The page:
A complete ePRO requires cadence, a name, and a question. The cadence dictates the frequency in which the question is asked to the participant, the name helps the participant understand the topic of the question, and the question itself is the main driving force to collecting pertinent data for the study. As a result, this short and linear approach to completing an ePRO helps reduce errors by focusing on one step at a time and gives researchers manageable goals to complete so they feel its attainable.

Facilitating the study state and version control to comply with regulation

Every study must go through a review board before being available to the public. We had to consider a flow that guides researchers through the review process while maintaining the correct version of their study. Researchers need a way to lock their study before submitting it to the review board, as a way to ensure that no new changes could be made before the review has happened. Unlocking their study, if needed, generates new versions that would be logged and archived. Badges were most effective at communicating this dual status of version and study state.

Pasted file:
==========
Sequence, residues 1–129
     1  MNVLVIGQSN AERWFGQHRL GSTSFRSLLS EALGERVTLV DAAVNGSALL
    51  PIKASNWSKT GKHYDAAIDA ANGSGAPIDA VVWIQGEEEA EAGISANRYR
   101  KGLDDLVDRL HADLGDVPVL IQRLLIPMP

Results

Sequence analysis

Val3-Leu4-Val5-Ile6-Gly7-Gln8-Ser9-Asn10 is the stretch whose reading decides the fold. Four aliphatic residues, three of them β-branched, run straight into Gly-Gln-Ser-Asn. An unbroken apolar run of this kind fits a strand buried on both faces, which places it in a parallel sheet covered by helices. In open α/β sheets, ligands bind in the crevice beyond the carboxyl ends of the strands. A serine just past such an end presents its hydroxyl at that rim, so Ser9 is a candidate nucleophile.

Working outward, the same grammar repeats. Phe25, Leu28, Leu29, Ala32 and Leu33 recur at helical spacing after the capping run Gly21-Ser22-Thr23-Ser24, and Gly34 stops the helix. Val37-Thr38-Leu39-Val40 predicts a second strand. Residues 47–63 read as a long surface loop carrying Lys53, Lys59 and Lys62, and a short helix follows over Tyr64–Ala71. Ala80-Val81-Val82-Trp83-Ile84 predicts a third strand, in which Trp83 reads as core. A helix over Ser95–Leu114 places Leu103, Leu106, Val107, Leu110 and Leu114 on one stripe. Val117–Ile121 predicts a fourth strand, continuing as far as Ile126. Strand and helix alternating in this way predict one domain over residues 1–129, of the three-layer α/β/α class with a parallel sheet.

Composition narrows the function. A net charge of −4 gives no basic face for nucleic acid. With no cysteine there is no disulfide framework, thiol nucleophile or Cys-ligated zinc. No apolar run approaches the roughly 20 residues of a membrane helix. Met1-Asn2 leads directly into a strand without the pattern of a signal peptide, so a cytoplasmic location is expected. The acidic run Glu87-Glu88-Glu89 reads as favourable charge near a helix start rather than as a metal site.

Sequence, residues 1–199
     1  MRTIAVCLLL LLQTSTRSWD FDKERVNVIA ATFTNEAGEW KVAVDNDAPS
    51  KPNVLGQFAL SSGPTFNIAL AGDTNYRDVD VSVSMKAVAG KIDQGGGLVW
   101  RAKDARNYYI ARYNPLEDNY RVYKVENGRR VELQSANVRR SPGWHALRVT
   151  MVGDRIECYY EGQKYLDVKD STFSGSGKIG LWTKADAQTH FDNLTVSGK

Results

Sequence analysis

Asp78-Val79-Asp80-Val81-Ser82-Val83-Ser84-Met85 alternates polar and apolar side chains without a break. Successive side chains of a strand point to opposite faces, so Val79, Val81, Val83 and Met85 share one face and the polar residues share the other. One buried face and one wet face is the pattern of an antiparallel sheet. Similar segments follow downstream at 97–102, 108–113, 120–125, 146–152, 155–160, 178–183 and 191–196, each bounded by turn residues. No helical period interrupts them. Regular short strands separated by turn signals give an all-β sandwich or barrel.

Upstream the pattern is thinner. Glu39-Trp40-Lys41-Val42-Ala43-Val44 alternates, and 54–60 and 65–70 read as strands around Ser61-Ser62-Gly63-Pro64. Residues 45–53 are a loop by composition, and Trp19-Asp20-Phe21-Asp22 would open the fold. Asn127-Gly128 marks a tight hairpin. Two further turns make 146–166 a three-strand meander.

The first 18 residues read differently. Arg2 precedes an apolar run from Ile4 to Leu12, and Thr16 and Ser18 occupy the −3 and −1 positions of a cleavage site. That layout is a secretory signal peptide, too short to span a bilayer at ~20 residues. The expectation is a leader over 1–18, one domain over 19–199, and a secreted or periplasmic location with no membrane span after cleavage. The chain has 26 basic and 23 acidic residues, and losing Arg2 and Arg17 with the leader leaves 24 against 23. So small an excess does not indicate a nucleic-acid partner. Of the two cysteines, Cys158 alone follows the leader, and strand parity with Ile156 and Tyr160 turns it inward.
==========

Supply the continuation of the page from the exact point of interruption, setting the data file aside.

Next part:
Maintaining transparency between researchers and participants to manage overall quality of the study

Identifying disengaged users with adherence and status badges

We also understand that for researchers, quality data is crucial, which means making sure that enrolled participants were high quality as well. This largely translates into adherence, and we believed that tracking and tagging users’ adherence rates would be a simple way for researchers to manage their participant list. However, due to dev constraints, tracking adherence would be pushed to a future release. We prioritized the status of the participant in the enrollment funnel instead as this was a crucial engagement indicator.